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Uses for old firehose?

 
Posts: 21
Location: Southern Vermont, Zone 5a
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I was just gifted a roll of used firehose.  Looking for suggestions and creativity - what would you do with it?

Cheers!
K

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pollinator
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Location: Ontario, Canada
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I've used them at a gym, with the middle around a post, pumping the ends with your hands like a rope.  It's a great workout for your arms.  A local gym might buy it off you, but I'm sure better suggestions will be along shortly.
 
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Location: Arkansas Ozarks zone 7 alluvial,black,deep loam/clay with few rocks, wonderful creek bottom!
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We used it to pad the places where the cattle panels meet on our hoop house.  I used strips of rag to tie it on so there was nothing rough against the greenhouse plastic cover.  

It is tough to cut and I think we found that tin snips worked the best, cutting through the fold on one side and opening it out flat to use.
After checking, I see that we cut down both folds and used just the webbing on the flat joins and for the corners we cut only one side and left the rubber lining.

I think it might last a long long time even out in the weather year round.  Ours is only  on it's second summer though.

 
gardener
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They could be used as a hinge. Similar to how people use an old glove as a hinge.

A tree ring? Bury it in a circle about an inch deep. Keeps water by the trunk of a small tree.

Tow strap?

Use like a chain for a swing or tire swing. Or hanging from a tree next to a swimming hole. Ladder rungs into a tree house?  Lots ot kids play uses......
 
pollinator
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Wranglerstar recommends making tool sheaths out of them - he might even have a video of it on YouTube.
 
pollinator
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We used to run chains through them and then hang them at the back of horse stalls, wash stalls, trailers, etc to keep the horses in (without them getting all cut up). Works also for cattle and I would imagine goats.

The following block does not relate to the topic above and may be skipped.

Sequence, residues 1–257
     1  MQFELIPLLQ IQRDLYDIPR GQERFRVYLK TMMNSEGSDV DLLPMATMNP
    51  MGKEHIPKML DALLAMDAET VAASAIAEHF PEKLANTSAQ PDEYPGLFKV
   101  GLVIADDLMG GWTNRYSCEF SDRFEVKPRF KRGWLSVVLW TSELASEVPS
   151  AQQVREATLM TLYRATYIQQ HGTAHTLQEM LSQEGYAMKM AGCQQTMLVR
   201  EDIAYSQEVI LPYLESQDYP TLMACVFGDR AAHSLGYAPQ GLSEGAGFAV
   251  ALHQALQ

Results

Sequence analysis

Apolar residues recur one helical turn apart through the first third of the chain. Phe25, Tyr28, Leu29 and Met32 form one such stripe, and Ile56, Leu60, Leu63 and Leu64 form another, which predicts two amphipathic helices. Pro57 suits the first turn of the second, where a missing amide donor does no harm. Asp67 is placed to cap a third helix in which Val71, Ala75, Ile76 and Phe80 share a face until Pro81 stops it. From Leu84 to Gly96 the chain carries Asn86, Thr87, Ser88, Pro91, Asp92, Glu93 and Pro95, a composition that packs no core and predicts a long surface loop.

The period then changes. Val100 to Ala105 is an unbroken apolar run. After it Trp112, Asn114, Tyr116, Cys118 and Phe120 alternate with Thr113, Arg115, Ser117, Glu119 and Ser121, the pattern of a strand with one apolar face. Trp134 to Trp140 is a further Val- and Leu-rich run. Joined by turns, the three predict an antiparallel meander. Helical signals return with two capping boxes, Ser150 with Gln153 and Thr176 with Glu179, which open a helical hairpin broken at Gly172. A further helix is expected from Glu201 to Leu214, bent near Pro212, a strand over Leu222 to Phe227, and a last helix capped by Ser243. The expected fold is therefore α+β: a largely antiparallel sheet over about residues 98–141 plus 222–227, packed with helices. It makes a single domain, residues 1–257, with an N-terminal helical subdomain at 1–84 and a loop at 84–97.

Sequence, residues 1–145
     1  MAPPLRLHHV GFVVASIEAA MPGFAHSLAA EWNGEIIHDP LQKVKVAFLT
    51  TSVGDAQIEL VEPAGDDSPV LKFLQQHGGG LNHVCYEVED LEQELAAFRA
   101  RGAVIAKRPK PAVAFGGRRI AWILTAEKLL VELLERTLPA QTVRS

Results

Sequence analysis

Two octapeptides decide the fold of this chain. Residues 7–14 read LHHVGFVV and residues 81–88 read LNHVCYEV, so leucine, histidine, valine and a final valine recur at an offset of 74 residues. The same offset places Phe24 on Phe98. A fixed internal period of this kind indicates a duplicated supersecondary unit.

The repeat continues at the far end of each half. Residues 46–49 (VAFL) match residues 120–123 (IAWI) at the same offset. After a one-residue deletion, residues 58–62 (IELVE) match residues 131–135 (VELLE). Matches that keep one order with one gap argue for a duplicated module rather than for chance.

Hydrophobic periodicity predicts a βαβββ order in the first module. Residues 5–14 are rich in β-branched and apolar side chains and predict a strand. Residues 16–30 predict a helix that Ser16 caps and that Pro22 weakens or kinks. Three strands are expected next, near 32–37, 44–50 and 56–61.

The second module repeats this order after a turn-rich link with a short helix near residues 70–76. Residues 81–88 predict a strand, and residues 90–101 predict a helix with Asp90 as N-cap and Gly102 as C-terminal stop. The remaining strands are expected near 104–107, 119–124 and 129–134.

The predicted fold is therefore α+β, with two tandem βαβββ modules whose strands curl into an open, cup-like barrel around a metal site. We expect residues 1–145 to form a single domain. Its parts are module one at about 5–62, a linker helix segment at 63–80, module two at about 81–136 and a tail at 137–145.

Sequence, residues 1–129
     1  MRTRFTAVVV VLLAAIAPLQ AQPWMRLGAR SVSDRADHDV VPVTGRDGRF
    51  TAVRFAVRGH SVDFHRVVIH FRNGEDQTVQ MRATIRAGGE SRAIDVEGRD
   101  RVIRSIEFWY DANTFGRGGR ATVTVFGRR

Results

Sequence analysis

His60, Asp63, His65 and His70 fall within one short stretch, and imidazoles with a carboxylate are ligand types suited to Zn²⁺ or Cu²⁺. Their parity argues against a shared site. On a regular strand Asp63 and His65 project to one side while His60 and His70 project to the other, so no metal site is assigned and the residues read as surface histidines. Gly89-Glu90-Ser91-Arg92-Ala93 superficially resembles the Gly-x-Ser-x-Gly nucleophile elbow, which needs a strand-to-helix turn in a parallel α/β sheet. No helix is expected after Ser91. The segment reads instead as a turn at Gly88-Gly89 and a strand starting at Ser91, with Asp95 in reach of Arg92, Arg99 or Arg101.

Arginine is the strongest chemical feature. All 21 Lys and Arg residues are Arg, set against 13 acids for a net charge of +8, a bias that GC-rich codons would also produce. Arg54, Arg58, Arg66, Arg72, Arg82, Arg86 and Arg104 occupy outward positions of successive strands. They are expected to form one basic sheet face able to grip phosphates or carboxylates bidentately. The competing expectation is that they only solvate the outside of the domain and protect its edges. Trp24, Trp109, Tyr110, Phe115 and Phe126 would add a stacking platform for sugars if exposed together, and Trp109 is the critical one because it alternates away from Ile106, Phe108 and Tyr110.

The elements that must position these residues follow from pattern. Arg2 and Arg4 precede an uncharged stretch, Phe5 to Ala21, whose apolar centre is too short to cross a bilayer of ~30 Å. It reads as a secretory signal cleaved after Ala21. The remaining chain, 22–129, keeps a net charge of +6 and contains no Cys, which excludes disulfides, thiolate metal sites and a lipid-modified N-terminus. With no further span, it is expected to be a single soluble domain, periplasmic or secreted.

If it holds water you could close off ends, fill them, and use them as weights for ground cover or other things that need to stay put on windy days (i'm looking at cardboard in my garden over newly buried trenches full of bokashi rot).
 
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Location: Campton, New Hampshire
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Dustin Rhodes wrote:Wranglerstar recommends making tool sheaths out of them - he might even have a video of it on YouTube.



We also use our old hoses to make sheaths for the files and rasps necessary for maintaining said tools. 1" Hose is just the right size for that purpose, but what you have will do. If that's 3" fire hose it makes a pretty decent bar cover for chainsaws.
 
pollinator
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Our local zoo uses that stuff for climbing structures in the gorilla enclosures :)
 
master steward
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We have something that looks very much like a firehose.  It is called a "Snatch em strap".

Similar to what Wayne said "tow strap".  It is use some what like a come along.  When someone is stuck in mud, you use it to pull them out, thus the name "Snatch em"
 
Posts: 525
Location: Australia, New South Wales. Köppen: Cfa (Humid Subtropical), USDA: 10/11
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Possibly use it as a soaker hose - elevated off the ground so it doesn't rot. It looks like heavy duty canvas, so they tend to drip once saturated.

Good if it's hot weather, you're going away for a few days, and you want plants to survive.

Also, in a wicking bed to draw moisture up into the soil.
 
pollinator
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This is a bit different suggestion, but the fire troop I learned to spin poi from used to use the kevlar from fire hoses to make wicks for their fire dance equipment.
 
Timothy Markus
pollinator
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Michael Cox wrote:Our local zoo uses that stuff for climbing structures in the gorilla enclosures :)



I totally agree with Michael, you should get a gorilla!
 
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Newbie here . Could make  like a rope  swing out of it if you have kids .
 
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